Good Housekeeping

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the opioid crisis rages on, grim stories of death and tragedy have become commonplace. (During the same four-year span between the development of Kaitlin’s addiction and her arrest, opioid-related deaths tripled in the the U.S. They now rank higher than gunshot and automobile-related deaths. The problem is particularly grave in Massachusetts; in 2016, opioid deaths in the state rose by a steep 16 percent from 2015.) But the ripple effect on addicts’ families gets lost in the headlines. For tens of thousands of parents, the opioid epidemic has impacted their lives in ways they could never imagine. As their children battle substance abuse disorders, many parents hand their own lives over to the rollercoaster of addiction. They throw their energy into finding treatment centers, attending court dates, agonizing over whether to support or cut off their children, and helping their children reintegrate into their normal lives during recovery. They take in and raise their grandchildren. And like Cavanagh, they’re looking for a place to empathize with others who’ve been through similar experiences.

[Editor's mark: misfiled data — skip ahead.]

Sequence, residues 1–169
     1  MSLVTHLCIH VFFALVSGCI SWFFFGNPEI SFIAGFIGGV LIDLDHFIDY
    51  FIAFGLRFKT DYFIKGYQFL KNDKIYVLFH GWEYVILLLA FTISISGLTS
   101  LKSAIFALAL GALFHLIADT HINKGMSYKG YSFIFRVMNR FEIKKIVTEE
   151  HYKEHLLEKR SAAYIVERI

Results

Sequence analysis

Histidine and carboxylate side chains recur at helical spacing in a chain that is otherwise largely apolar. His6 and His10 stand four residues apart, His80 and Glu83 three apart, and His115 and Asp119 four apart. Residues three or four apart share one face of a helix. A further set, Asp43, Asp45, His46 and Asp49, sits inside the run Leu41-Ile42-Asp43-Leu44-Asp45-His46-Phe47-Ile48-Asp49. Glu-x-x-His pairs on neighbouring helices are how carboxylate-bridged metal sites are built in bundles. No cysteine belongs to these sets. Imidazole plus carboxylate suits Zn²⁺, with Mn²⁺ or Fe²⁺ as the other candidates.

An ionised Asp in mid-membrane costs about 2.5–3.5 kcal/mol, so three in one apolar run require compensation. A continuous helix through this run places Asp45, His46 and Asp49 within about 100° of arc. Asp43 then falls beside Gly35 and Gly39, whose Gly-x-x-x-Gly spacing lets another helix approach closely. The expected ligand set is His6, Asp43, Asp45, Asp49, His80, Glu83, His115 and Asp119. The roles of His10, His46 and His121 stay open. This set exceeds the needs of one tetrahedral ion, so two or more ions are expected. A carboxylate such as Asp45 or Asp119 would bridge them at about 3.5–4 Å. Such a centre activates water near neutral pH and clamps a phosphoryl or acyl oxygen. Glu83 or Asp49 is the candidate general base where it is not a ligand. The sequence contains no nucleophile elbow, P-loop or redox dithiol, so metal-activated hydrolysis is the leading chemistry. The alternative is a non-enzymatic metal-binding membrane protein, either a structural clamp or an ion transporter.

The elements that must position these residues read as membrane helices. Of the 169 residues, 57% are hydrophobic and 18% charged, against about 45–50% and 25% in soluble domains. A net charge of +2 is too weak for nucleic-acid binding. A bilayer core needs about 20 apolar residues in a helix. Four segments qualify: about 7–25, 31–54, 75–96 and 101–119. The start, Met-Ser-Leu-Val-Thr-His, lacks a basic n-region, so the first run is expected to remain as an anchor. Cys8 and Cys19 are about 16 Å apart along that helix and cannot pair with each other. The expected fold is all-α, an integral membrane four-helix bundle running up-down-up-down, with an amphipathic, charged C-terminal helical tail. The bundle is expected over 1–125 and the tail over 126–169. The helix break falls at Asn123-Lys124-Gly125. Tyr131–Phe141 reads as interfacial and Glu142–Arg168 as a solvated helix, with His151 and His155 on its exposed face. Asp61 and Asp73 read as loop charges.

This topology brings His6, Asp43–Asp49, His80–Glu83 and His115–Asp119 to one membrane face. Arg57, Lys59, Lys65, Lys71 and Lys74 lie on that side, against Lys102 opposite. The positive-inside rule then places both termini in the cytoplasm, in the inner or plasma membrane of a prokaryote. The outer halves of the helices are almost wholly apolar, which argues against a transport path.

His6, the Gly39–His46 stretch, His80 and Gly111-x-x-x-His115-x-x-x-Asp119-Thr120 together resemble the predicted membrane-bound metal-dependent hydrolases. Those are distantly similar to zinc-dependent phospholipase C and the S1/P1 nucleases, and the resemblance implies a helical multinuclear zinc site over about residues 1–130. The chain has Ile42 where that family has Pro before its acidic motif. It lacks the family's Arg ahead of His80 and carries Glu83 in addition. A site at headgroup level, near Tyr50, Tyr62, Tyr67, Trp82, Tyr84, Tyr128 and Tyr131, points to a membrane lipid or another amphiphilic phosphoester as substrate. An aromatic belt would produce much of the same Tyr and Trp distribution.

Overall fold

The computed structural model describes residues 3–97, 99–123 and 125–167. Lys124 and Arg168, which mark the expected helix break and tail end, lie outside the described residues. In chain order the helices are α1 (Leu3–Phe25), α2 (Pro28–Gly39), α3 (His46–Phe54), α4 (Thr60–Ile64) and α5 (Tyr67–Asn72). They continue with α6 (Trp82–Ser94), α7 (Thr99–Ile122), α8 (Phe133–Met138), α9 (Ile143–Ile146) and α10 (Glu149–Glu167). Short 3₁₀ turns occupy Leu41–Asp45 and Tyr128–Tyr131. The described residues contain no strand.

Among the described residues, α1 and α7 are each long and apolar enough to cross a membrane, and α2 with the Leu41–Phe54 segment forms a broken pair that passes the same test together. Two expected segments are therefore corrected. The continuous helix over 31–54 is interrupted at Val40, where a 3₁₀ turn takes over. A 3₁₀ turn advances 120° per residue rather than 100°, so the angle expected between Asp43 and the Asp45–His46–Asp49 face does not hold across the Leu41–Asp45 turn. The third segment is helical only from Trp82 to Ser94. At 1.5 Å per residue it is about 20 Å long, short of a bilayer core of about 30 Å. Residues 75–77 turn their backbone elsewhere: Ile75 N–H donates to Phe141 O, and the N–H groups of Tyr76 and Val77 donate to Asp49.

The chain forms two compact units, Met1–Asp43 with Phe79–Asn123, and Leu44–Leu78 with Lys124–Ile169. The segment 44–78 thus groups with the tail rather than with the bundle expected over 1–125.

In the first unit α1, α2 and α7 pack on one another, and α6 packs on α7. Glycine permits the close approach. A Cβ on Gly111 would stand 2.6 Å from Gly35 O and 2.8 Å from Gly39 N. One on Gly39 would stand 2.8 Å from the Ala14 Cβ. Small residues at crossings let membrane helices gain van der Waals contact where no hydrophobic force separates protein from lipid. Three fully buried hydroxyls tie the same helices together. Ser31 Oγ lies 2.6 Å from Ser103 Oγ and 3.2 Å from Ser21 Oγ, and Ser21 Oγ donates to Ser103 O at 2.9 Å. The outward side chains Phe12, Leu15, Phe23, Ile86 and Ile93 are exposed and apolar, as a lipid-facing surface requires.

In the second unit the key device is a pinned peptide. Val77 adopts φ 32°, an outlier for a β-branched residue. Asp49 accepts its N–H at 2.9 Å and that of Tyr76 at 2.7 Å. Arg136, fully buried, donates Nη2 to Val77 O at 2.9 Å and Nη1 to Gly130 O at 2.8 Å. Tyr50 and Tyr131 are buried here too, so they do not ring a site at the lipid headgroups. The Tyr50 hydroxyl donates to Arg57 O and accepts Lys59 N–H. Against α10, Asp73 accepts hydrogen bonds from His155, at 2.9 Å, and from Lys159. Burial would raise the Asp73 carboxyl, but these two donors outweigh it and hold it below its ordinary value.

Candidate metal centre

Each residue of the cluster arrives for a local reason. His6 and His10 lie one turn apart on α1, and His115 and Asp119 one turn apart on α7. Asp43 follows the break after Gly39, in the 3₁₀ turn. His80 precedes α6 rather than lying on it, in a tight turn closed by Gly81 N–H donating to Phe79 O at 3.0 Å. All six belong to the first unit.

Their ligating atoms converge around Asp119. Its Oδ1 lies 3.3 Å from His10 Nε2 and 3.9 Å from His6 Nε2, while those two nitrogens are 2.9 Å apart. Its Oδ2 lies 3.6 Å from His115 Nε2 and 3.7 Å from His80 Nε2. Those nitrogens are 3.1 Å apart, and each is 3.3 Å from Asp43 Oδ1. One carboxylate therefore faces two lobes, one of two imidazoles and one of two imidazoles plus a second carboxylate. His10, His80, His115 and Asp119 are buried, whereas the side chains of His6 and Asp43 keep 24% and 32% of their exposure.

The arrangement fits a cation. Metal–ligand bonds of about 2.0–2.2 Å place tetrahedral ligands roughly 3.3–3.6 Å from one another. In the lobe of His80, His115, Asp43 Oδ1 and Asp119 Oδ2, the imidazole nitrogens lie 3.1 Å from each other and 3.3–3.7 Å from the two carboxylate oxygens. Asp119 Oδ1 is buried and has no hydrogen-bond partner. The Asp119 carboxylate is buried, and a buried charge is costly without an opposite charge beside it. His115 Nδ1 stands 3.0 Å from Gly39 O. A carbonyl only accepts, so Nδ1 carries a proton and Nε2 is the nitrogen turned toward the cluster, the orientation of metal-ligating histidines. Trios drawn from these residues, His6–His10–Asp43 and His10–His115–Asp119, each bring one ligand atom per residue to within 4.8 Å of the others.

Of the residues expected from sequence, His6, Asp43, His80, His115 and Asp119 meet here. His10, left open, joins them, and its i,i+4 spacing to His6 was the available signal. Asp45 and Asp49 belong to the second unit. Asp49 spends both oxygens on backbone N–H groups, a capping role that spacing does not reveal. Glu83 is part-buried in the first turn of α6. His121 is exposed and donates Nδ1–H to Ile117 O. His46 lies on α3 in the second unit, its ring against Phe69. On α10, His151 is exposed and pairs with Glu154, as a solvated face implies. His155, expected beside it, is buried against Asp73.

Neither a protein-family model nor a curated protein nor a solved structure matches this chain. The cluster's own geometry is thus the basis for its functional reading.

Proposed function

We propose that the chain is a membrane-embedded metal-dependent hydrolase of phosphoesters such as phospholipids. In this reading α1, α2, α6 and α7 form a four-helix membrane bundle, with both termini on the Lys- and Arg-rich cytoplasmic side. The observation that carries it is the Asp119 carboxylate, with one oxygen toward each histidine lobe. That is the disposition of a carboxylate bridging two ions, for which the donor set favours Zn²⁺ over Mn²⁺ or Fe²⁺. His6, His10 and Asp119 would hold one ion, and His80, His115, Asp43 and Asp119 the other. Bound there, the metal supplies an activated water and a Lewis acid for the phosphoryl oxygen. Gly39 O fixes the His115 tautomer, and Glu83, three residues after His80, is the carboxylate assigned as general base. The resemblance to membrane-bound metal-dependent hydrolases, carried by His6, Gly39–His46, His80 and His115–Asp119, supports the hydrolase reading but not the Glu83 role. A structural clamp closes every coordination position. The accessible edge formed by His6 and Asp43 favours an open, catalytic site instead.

http://www.goodhousekeeping.com/life/parenting/a46717/magnolia-moms-opioid-addiction-maureen-cavanagh/

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About Magnolia Beginnings

Just when you think you have it all down it changes again or... “Reshaping life! People who can say that have never understood a thing about life—they have never felt its breath, its heartbeat—however much they have seen or done. They look on it as a lump of raw material that needs to be processed by them, to be ennobled by their touch. But life is never a material, a substance to be molded. If you want to know, life is the principle of self-renewal, it is constantly renewing and remaking and changing and transfiguring itself, it is infinitely beyond your or my obtuse theories about it.” ― Boris Pasternak, Doctor Zhivago

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